Third, in the passage Flew relies on, Schroeder’s probity is put in question. He uses the tactic of distortion-by-selective-quote. Niles Eldredge, a distinguished evolutionary paleontologist, did indeed make the quoted remark. But he made it in order to dispute a detail of evolutionary theory, not to declare the bankruptcy of a naturalist account of the origins of life. Unlike Flew, I can’t easily swallow the product of Schroeder’s dishonesty.
Fourth–and most importantly–although Schroeder’s probabilistic argument can be fleshed out in a dauntingly sophisticated way, it is in fact a sophistical fraud.
The Supernaturalist Argument from Chance and Probability
Proponents of the argument always begin with the assumption that, on a naturalistic view, life can only have begun as a result of “purely chance” or “random” chemical reactions. They then claim that the probability of all necessary elements coming together at random in the right sequence to form something like a simple protein–let alone the first self-replicating organism–is mind-bogglingly small. They say that this probability is smaller by far than the probability of a monkey randomly hitting the 26 keys of the alphabet on an old typewriter and coming up with a page of Shakespeare; smaller than the probability (as calculated by Sir Fred Hoyle) of a blind man solving Rubik’s cube while making one random move every second; and smaller than the probability of a tornado passing through a junkyard containing the bits and pieces of an airplane and leaving a Boeing 747 in its wake, fully assembled and ready to fly. Finally, adopting an air of mathematical invulnerability, they flourish the conclusion that the occurrence of such a chance event in the time allowed would be nothing short of miraculous, and that biogenesis could be brought about only by the intervention of a miracle-working God or what Schroeder goes on to describe as “a metaphysical guide.”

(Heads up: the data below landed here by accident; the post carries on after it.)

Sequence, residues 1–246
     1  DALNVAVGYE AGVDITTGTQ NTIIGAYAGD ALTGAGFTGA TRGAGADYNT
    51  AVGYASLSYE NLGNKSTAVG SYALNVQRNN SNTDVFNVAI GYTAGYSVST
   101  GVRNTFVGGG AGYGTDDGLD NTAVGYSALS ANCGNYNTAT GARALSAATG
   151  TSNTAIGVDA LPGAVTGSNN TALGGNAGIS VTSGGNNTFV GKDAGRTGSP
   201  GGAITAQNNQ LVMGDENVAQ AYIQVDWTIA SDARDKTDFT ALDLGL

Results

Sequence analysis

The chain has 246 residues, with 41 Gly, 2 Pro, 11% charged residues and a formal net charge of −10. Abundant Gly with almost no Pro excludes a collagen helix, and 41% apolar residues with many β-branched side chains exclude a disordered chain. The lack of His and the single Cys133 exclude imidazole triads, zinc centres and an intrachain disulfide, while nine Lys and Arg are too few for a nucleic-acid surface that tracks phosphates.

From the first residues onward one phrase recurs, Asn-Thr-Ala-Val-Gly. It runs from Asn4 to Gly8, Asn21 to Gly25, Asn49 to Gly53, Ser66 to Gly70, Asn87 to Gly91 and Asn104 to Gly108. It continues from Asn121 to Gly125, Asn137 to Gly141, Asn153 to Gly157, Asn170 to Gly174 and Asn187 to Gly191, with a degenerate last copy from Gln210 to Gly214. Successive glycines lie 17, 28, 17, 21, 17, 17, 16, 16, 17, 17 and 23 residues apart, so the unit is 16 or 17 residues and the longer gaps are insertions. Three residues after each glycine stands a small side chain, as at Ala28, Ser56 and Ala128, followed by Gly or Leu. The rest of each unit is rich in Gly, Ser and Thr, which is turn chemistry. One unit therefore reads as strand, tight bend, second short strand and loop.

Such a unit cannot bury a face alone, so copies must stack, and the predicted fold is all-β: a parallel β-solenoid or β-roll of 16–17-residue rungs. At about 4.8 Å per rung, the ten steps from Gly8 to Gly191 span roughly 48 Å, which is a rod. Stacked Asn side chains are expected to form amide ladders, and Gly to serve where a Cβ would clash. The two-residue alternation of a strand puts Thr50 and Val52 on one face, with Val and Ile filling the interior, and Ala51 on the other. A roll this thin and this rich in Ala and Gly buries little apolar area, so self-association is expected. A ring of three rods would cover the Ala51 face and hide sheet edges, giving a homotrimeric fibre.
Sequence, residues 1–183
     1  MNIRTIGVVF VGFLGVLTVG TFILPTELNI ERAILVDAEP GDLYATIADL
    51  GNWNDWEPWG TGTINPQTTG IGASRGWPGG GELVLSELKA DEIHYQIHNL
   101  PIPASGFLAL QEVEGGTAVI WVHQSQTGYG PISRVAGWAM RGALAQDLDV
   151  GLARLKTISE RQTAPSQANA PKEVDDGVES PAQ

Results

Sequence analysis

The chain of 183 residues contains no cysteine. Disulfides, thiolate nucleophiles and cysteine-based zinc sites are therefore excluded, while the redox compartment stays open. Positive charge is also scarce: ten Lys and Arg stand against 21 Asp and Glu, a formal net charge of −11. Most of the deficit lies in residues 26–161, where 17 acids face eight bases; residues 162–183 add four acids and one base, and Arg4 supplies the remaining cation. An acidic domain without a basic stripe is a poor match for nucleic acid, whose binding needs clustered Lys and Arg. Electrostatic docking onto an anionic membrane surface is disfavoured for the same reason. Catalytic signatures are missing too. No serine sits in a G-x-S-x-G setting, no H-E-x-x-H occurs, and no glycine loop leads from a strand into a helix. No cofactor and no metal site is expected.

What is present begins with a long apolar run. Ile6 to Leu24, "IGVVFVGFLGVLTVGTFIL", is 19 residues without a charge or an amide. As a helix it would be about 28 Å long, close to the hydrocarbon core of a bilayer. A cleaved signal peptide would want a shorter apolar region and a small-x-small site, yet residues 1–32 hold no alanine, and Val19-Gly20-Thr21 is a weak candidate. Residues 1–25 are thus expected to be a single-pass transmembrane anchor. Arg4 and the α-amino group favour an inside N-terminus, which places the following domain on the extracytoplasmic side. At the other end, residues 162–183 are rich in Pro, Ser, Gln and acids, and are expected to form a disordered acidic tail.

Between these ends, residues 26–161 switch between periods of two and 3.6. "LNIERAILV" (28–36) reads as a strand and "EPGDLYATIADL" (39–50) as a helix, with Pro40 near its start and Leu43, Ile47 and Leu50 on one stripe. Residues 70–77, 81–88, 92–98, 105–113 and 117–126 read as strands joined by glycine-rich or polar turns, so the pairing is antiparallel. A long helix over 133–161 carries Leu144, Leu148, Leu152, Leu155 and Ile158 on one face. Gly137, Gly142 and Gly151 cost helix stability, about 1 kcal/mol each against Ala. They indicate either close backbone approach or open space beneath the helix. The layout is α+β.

But let’s not be dazzled by all this mathematical virtuosity.
A Refutation by Logical Analogy
It is easy to demonstrate that something has gone wrong here even if one isn’t quite sure exactly what.